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Best Buy and Napster: Smart, quirky or “Dumb 2.0”?

Not counting the ongoing Wall Street drama, one of the most buzzed about business stories of the week has been Best Buy’s surprise acquisition of Napster. The verdict is out on whether Best Buy and Napster will find harmony. Here’s a sampling of what business and technology bloggers are saying about the deal:

The Toronto Globe and Mail’s Matthew Ingram calls the deal “Dumb 2.0.” The combination is doomed, he writes. “Why? Because Napster’s problem isn’t a lack of money, it’s a lack of a successful business model.” People don’t like paying for music they don’t get to keep forever, Ingram writes. Need proof? See Virgin Music, Yahoo Music and AOL Music, all of which tried similar models.

Investment blogger George Gutowski at the Financial Skeptic blog says the acquisition is like buying an SUV. The sticker price was low, but digital platforms like Napster are expensive to run and require lots of spending on research and development to keep up with evolving technology. “The [Best Buy] management team is not used to managing R&D. The deal makes sense but is not a complete slam dunk. How much cash will be needed to stay in the game and be good at it?”

On ZDNet’s Between the Lines blog, editor Larry Dignan parses a statement in Best Buy’s press release about building customer relationships over a mobile digital platform. “That’s shorthand for saying that Best Buy can’t continue to sell CDs forever,” he writes. Dignan calls the deal “quirky” but says it makes sense for Best Buy if it’s trying to diversify beyond being a brick-and-mortar big box.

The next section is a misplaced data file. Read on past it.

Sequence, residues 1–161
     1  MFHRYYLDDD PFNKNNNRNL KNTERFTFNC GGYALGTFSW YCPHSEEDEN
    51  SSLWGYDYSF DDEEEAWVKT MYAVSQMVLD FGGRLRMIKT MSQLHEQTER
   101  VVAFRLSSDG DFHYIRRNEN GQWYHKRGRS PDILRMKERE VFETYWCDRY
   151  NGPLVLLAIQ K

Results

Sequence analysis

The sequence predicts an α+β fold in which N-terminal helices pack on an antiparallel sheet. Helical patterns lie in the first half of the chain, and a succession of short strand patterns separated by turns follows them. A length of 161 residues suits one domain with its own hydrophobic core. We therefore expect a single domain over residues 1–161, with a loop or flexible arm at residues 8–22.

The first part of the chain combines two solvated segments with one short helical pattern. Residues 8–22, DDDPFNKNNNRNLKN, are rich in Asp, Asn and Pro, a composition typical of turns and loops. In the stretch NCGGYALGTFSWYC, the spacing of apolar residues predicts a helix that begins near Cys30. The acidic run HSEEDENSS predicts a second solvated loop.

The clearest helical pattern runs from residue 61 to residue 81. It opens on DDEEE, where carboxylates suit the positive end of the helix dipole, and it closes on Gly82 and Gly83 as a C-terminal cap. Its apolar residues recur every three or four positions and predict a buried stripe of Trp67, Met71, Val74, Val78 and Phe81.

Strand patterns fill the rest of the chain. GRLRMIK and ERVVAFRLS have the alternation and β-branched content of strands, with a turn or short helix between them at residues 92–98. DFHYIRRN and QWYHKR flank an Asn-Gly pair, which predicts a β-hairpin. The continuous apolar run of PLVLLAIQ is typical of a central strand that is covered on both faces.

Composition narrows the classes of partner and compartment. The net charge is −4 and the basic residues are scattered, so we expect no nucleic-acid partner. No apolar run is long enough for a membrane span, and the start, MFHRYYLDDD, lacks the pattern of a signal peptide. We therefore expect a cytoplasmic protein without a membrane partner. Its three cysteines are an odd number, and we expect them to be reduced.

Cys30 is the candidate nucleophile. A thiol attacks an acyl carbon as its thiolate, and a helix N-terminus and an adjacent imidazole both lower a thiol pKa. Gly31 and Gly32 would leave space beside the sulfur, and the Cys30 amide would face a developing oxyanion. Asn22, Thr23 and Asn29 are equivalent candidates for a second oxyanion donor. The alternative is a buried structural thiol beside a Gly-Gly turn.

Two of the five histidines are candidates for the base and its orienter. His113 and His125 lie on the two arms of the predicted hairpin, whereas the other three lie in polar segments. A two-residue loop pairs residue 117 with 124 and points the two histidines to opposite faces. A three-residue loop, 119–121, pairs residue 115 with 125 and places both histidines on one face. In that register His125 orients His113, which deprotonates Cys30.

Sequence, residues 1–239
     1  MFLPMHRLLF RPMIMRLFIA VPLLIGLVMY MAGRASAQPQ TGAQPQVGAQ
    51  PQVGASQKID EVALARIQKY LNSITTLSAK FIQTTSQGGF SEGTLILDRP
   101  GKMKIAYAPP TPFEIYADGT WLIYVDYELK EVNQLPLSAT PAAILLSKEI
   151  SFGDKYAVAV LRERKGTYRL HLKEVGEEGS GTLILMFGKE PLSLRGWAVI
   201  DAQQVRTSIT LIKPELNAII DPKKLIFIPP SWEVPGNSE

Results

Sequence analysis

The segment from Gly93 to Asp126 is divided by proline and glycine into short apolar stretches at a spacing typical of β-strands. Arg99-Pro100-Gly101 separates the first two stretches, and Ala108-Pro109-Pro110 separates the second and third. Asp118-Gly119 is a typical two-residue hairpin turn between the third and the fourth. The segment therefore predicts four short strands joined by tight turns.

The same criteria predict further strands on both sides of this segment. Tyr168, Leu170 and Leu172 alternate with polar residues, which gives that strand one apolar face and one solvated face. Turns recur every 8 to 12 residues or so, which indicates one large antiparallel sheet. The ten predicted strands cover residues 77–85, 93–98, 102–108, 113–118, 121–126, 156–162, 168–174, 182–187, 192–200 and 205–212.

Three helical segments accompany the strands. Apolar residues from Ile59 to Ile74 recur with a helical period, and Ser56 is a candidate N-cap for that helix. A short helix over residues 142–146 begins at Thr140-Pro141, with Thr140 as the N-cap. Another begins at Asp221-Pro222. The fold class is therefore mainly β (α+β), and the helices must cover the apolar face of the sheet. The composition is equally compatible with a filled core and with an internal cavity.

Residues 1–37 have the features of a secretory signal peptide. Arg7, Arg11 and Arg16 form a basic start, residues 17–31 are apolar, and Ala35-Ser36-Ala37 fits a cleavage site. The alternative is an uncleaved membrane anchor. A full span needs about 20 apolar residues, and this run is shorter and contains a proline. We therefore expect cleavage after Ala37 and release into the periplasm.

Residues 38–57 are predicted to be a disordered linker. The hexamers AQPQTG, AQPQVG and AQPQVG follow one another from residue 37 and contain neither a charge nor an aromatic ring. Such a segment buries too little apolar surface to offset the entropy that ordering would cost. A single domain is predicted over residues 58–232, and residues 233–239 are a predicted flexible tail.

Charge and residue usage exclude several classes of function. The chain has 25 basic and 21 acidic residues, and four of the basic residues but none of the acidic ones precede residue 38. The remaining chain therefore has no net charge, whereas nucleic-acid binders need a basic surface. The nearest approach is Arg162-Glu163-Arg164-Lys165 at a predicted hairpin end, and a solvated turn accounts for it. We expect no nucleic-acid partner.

Kevin Maney, technology writer for Portfolio magazine, calls the deal “a bit of a head-scratcher — like, what would a big box retailer want with what has become a minor-league music service?” It’s a sign the mobile music wars are coming. Nokia recently launched a music service in the U.K., and rumors are floating about Sony Ericsson doing the same. “All of this adds up to yet more corporate guns aimed at Apple’s dominance of the digital music business.”

The Motley Fool’s Rick Munarriz says Napster’s 700,000-plus subscribers bring big value to Best Buy. “These are hardcore music fans, likely to be receptive to Best Buy pitching new digital players, accessories, and music their way.” Napster investors get a premium for their shares, and putting the service in Best Buy’s hands will give it more credibility with consumers, he says.

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